ROSEVILLE, Minn. — A wildlife rehabilitation facility in the Twin Cities took in a bird rarely seen in Minnesota last weekend.
An ancient murrelet was found on a road in Hastings and was too weak to fly, so a good Samaritan brought it to the Wildlife Rehabilitation Center of Minnesota in Roseville.
In a social media post, the WRC says the small bird was found to be "clinically emaciated and dehydrated" and, despite treatment, later died.
"We wish we were able to celebrate a release of this remarkable patient, but we are very thankful the finder brought the bird to us and didn't leave it to suffer on a roadway," the WRC said.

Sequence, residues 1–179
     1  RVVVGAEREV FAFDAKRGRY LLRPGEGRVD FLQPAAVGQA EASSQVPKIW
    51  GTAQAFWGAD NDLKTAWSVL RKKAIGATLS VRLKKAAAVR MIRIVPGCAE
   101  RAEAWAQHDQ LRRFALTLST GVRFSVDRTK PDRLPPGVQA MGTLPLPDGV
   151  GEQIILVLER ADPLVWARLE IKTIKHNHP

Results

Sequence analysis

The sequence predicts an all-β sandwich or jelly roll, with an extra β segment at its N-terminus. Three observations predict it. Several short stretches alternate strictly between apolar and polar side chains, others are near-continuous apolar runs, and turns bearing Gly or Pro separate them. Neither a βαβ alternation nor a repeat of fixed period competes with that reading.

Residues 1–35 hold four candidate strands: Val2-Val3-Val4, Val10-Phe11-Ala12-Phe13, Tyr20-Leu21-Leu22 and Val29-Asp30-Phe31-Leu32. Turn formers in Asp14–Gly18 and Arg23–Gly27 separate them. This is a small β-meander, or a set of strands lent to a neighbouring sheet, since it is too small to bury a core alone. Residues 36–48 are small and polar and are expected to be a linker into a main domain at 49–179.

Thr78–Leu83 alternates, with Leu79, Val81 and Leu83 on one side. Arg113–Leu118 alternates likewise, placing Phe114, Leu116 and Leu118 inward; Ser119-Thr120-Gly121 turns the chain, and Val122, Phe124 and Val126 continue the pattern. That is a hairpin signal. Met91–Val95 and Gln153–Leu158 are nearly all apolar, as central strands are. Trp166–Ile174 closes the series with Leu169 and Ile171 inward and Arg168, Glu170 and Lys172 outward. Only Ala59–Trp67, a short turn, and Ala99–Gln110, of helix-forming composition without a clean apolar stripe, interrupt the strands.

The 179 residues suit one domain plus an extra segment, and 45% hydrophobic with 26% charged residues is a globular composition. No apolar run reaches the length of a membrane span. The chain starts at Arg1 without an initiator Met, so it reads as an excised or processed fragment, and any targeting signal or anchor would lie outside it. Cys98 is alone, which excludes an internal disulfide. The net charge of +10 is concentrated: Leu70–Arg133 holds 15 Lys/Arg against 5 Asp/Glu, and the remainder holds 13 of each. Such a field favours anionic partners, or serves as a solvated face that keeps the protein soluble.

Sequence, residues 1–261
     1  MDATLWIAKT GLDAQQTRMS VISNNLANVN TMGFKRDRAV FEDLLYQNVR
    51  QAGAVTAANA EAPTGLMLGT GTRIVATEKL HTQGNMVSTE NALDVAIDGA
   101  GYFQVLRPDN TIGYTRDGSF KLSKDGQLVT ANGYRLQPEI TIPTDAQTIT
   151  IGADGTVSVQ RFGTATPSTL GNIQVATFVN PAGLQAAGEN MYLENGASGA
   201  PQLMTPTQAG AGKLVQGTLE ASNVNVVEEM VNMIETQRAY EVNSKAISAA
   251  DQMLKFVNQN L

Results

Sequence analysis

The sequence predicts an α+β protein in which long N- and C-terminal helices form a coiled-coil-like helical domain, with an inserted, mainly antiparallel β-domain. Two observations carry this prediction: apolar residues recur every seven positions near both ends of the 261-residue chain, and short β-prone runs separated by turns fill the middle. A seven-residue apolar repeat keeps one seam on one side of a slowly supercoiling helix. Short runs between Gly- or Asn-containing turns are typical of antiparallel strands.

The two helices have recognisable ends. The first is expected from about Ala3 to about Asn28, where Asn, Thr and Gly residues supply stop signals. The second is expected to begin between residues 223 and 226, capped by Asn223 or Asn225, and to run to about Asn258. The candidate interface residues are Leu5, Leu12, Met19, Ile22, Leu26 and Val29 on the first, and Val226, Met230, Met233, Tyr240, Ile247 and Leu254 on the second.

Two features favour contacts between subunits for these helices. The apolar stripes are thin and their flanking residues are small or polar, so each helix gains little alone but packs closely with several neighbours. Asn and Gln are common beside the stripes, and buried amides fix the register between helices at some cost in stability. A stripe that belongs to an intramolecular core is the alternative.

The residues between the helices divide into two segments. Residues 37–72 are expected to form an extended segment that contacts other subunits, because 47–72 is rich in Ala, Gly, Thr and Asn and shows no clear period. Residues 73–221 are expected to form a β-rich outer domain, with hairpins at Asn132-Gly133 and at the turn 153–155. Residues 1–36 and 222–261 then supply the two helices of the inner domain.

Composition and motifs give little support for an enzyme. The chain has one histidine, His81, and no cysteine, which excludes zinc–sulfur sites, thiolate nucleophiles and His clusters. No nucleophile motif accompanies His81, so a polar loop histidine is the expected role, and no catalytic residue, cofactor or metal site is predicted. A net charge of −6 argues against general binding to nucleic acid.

The center says it's the first time they've admitted such a bird. Citing the Minnesota Ornithologists' Union, the WRC said the bird has only been seen nine or 10 times in the state since 1905.
"There are so few sightings that the bird is considered 'accidental' to the state," the WRC said.
Ancient murrelets are found along the Pacific Coast up to Alaska and are "one of the only known species to cross the entire Pacific Ocean during migrations," according to the WRC.
The rare bird was the 197th species of the year for the WRC.
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